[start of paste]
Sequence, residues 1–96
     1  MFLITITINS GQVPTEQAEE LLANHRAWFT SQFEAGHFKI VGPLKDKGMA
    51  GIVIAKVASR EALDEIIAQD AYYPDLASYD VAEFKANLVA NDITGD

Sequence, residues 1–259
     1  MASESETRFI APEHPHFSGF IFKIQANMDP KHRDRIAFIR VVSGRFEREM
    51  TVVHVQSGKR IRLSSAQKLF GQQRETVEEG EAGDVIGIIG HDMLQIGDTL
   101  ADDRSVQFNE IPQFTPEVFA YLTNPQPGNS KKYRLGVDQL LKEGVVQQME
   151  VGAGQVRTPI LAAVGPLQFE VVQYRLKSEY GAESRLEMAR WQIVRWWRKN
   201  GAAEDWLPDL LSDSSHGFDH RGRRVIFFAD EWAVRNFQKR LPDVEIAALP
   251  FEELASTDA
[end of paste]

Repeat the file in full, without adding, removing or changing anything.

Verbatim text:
Sequence, residues 1–96
     1  MFLITITINS GQVPTEQAEE LLANHRAWFT SQFEAGHFKI VGPLKDKGMA
    51  GIVIAKVASR EALDEIIAQD AYYPDLASYD VAEFKANLVA NDITGD

Sequence, residues 1–259
     1  MASESETRFI APEHPHFSGF IFKIQANMDP KHRDRIAFIR VVSGRFEREM
    51  TVVHVQSGKR IRLSSAQKLF GQQRETVEEG EAGDVIGIIG HDMLQIGDTL
   101  ADDRSVQFNE IPQFTPEVFA YLTNPQPGNS KKYRLGVDQL LKEGVVQQME
   151  VGAGQVRTPI LAAVGPLQFE VVQYRLKSEY GAESRLEMAR WQIVRWWRKN
   201  GAAEDWLPDL LSDSSHGFDH RGRRVIFFAD EWAVRNFQKR LPDVEIAALP
   251  FEELASTDA